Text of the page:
Today we are meeting to define a common strategy for after the summit. the summits wants also to interact with the whole ecosystem

Beyond the 100 people here today, there are 300 who are registered for the events.

Teixidora will be used

Thanking Barcola, Sharing Cities Alliance, Oui Share, Teixidora, Ideas for Change,

Yochai Benkler

Sharing cities rising to the challenge of technological change and democratic crisis... expert on how technology has transformed the worldwide

I want to talk about the role of cities,  in some sense bringing us from an abstract community to a community of practice about making and togehter  in response to identity crisis and democracy crisis

Twenty years ago, if anyone would have said that smart grid communications, health care communications, high capacity data would be runing over a commons based spectrum like wifire, it would have been crazy, you would have asked if largest software company would have been open, the largest software company in the world is competing with a bunch of volunteers, you would have been laughed out of the room if you had known that the volunteers would win. Free and open source software has become the basic infrstructure of the web... if you were to predict that the volunteers would win and free software.

Across the information and commnications infrastrucrure, commons based strategies suceeded over years in providing the basic infrastructure of communications and knowledge, this is the foundation of how the technology allows change but only in the context of profoundly changed social organisation.

In the first 2 thirds of the 20th century there is a focus on centralisation. What emerged in the last decade was a new model of production based on commons

if the older models build in various versions of nationalism, imagined community at the national level, a genuinely shared community around the practice of commons, here we suddenly had a chance around community as a basic model we have seen an atack a raise of nationalism, it has become true in the context of what was imagined, we ve seen commercial.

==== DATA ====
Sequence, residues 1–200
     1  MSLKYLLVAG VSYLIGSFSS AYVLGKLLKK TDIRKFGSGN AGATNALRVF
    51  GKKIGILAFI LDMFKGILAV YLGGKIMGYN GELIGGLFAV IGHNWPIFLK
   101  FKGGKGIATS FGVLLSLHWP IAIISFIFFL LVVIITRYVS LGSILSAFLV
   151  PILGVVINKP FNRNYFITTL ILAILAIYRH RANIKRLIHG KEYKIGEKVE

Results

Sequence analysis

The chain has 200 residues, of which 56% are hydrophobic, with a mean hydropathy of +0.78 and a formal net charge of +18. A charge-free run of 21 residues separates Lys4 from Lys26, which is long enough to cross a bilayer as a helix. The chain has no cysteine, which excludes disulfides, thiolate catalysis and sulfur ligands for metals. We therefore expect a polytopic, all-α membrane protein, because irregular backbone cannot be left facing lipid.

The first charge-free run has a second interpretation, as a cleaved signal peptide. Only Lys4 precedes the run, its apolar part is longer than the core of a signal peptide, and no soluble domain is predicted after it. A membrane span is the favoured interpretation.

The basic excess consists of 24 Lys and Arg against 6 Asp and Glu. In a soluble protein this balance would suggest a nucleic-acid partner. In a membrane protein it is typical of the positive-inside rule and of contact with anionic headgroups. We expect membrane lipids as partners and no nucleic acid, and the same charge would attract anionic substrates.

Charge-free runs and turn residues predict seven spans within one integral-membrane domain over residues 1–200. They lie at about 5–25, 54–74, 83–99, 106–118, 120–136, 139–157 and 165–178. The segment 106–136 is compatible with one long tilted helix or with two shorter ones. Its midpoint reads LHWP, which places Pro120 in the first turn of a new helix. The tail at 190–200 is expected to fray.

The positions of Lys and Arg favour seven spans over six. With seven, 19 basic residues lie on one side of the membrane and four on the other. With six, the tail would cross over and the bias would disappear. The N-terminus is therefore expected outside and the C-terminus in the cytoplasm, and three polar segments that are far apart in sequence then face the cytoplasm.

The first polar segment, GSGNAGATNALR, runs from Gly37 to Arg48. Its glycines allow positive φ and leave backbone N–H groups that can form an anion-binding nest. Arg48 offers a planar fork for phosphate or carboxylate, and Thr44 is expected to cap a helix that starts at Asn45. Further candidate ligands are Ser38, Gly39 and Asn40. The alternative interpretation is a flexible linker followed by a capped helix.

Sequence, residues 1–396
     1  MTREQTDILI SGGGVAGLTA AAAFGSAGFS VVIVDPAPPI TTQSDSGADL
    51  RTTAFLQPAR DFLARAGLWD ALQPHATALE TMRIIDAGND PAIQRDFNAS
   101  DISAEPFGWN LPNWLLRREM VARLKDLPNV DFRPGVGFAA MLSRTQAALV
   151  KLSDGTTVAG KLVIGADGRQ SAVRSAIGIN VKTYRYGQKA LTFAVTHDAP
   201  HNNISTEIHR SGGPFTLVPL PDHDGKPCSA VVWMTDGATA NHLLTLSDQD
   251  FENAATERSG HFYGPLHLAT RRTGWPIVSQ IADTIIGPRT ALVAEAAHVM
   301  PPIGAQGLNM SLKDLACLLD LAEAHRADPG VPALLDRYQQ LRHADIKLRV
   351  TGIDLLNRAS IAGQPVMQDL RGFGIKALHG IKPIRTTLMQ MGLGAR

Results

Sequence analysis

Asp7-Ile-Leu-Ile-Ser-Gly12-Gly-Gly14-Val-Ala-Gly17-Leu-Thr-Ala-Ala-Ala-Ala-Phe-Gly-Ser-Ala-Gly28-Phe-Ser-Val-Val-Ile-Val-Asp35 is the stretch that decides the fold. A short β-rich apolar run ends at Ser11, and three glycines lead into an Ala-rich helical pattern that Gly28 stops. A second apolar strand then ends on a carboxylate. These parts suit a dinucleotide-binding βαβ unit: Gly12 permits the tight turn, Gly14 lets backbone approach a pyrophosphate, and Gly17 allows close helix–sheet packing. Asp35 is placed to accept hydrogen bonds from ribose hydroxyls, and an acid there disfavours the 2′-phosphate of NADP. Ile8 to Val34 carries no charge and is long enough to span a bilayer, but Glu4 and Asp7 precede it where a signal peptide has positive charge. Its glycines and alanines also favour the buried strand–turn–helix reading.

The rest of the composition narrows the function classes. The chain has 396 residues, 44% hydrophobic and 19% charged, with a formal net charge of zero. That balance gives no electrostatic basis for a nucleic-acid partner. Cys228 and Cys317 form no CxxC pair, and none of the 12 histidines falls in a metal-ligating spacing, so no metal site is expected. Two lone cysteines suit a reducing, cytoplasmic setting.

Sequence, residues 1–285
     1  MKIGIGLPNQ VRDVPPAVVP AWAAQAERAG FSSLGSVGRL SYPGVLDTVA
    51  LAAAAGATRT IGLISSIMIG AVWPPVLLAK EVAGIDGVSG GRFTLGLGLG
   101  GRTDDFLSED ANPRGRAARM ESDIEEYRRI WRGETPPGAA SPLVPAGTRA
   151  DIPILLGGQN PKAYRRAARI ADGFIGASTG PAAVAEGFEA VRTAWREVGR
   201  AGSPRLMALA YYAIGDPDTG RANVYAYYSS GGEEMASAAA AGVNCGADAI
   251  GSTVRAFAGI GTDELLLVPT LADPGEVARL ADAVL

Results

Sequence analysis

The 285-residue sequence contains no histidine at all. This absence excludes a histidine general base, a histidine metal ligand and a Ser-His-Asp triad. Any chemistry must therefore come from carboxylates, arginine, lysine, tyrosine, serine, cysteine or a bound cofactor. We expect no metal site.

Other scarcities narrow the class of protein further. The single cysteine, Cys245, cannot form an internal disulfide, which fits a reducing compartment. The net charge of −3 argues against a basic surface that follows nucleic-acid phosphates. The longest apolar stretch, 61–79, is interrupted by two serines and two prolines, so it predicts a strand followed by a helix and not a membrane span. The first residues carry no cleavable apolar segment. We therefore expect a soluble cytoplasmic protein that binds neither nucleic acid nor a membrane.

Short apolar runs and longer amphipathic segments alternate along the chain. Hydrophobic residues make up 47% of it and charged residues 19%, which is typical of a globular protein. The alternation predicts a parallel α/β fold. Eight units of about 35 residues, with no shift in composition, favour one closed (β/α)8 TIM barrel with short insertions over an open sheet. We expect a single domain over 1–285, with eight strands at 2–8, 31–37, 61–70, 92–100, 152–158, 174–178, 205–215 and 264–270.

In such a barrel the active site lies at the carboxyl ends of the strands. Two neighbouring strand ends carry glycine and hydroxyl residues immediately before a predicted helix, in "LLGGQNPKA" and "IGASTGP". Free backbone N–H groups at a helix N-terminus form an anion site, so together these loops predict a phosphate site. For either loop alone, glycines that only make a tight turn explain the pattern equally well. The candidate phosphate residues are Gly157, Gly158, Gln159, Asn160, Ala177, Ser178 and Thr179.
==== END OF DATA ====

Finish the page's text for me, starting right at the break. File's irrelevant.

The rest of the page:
We need an alliance between goverements, and civil society to pull back power from the major platforms to create genuine forms of accountability based on transparency

I see here the great promise to build on the ground communities of knowledge, how we understand technology is fundamental to understanding ourselves, often we are just hanging on for dear life and rarely we feel what is hapening is a train wreck, your choice will be being clinging on to the train or being on the train, there is a recognition of the importance of institutions, the choice, significant variations in how countries adopt technologies.. the example of the barcode, leverages the data and extracts the value. Different regulations in different countries respond to discrete political battles at local levels forced the retailers to adopt... it seems far from sharing cities, but it is at the core, because  none of these countries stayed behind